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# 2.6 The Magnitude System

Astronomers generally use linear brightness units to talk about the light intensity of objects in the sky. However, they also continue to measure brightness using the 2000-year-old system of magnitudes. The magnitude system uses a non-linear scaling with brightness ratio, and it probably has its origin in the fact that the eye is a non-linear detector of light. People at the time of the great astronomer Hipparcos found they could categorize the visible stars in the night sky into roughly 5 or 6 "bins" or brightness ranges, which map to the different numbers for magnitude. If b1 is the apparent brightness of star 1 and b2 is the apparent brightness of star 2, the magnitude difference is given by:

A portrait of Hipparchus of Nicaea from "The School of Athens" by Raphael. Click here for original source URL.

m1 - m2 = 2.5 log (b2 / b1)

We can also define the relationship in terms of the brightness ratio:

b2/b1 = 10x, where x = 0.4 (m1-m2)

The?apparent magnitude of large asteroid 65 Cybele (apmag 11.6) and stars HD 217121 (apmag 8.7) and HD 216932 (apmag 9.1). The two bright stars would be near the limit of typical 50mm binoculars. Also visible towards the upper right are the galaxies PGC194570 and PGC1016451. Click here for original source URL.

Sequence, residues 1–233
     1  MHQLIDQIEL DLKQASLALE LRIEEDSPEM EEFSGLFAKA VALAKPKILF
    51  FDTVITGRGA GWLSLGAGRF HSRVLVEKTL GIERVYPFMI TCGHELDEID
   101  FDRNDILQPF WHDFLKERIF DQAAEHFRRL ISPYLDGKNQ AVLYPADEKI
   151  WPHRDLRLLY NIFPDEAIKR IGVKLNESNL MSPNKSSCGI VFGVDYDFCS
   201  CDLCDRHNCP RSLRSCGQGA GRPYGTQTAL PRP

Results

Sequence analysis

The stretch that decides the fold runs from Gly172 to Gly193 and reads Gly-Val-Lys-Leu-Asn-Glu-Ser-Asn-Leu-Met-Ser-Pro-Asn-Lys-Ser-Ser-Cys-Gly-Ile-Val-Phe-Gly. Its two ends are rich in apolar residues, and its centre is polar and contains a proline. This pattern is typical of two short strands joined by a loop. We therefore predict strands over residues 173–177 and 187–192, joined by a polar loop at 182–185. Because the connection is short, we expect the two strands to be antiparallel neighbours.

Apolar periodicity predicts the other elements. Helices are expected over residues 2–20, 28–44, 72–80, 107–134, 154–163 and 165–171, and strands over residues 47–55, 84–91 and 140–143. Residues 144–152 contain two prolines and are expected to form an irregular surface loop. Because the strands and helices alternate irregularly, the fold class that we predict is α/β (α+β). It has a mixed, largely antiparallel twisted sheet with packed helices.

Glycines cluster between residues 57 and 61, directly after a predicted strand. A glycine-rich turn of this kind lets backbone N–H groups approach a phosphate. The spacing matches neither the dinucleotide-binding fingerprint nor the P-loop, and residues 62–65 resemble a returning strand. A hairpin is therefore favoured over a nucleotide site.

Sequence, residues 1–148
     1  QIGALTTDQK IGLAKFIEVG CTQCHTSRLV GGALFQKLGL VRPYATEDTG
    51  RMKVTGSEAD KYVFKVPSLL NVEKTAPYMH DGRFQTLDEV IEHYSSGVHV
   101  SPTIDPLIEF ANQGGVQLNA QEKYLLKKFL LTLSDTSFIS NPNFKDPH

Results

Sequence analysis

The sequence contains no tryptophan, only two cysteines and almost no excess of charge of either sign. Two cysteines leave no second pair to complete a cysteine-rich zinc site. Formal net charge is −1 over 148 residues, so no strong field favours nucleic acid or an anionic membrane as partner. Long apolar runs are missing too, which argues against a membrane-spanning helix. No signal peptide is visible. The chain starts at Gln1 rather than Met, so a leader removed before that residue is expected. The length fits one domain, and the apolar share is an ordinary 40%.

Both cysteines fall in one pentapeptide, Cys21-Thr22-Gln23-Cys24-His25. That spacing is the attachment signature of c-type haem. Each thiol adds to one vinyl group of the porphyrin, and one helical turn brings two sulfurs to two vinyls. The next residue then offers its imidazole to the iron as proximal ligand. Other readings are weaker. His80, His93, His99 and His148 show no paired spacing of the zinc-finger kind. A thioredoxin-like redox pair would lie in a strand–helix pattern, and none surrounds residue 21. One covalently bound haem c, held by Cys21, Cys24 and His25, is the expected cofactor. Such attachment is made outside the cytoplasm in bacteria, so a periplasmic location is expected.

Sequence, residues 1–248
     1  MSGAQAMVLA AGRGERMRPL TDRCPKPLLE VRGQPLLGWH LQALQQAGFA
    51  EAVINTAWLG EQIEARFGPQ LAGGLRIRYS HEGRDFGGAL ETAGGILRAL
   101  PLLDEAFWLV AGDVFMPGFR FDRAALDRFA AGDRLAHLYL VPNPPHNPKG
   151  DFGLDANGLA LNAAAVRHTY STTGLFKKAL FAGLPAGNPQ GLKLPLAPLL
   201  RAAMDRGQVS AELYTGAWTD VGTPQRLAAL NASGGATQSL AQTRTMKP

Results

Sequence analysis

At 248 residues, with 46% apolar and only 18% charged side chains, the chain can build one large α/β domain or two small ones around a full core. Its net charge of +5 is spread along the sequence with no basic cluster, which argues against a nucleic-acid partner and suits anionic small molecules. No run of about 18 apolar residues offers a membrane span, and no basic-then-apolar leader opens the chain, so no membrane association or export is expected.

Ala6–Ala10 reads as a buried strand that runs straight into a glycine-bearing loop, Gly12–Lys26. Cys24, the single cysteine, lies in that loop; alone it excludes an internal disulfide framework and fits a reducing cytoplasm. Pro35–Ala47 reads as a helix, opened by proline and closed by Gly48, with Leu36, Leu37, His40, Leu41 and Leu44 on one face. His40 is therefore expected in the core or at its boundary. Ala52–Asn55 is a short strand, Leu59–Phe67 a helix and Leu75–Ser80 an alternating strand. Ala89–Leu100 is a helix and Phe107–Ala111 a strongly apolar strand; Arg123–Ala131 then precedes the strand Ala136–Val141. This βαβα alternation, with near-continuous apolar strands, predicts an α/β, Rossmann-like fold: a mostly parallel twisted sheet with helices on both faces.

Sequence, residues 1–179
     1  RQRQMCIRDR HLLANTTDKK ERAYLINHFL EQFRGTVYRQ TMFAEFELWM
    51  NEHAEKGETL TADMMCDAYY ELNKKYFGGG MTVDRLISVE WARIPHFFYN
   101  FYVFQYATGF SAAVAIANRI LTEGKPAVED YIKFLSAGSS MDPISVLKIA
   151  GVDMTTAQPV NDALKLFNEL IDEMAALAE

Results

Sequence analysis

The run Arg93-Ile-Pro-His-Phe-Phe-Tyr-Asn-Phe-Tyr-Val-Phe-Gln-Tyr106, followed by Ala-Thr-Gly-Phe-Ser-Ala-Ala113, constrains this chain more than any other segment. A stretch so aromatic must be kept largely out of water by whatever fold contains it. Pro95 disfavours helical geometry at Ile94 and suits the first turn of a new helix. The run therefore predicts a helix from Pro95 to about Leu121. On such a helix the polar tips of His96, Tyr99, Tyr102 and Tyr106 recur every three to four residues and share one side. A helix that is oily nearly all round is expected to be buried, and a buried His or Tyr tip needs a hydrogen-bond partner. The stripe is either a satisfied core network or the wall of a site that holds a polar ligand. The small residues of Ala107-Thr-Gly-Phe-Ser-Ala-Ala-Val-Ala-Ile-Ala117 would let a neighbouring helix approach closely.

In addition to being on a logarithmic scale, the magnitude system is an inverse scale — larger magnitudes correspond to fainter objects. The brightest stars in the sky are around magnitude zero (m = 0), and some are even negative (negative magnitude does not imply negative brightness). The faintest are around magnitude six (m = 6). With a small telescope from a dark site, you could see magnitude twelve (m = 12). The faintest objects visible to the Hubble Space Telescope are around magnitude thirty (m = 30). The list below gives the relationship between these two measures of brightness (HST is the Hubble Space Telescope). After the description of the objects being compared, the first number is the magnitude difference, m1-m2 and the second is the brightness ratio, b2/b1

• Two identical stars at the same distance: 0, 1

• Minimum difference easily discernable by eye: 1, 2.5

• Venus at its brightest to Mars at its brightest: 2, 6.3

• Venus (at its brightest) to brightest star (Sirius): 3, 15

• Limit for eye to limit for binoculars: 4, 40

• Brightest to faintest star visible by eye: 5, 100

• Full Moon to Mars at its brightest: 10, 104

• Brightest star to Pluto: 15, 106

• Limit for binoculars to limit for HST: 20, 108

• Sun to the brightest star: 25, 1010

• Brightest to faintest star visible with HST: 30, 1012

The magnitude system is clumsy and non-intuitive. One difference of one magnitude corresponds to a brightness ratio of a factor of slightly more than 2.5. It is perhaps convenient to remember that a difference of five magnitudes is a brightness ratio of exactly a factor of 100. Magnitudes represent the most persistent intrusions of non-metric units into the world of astronomy. You do not need to be burdened by history — for most applications, linear brightness units can be used.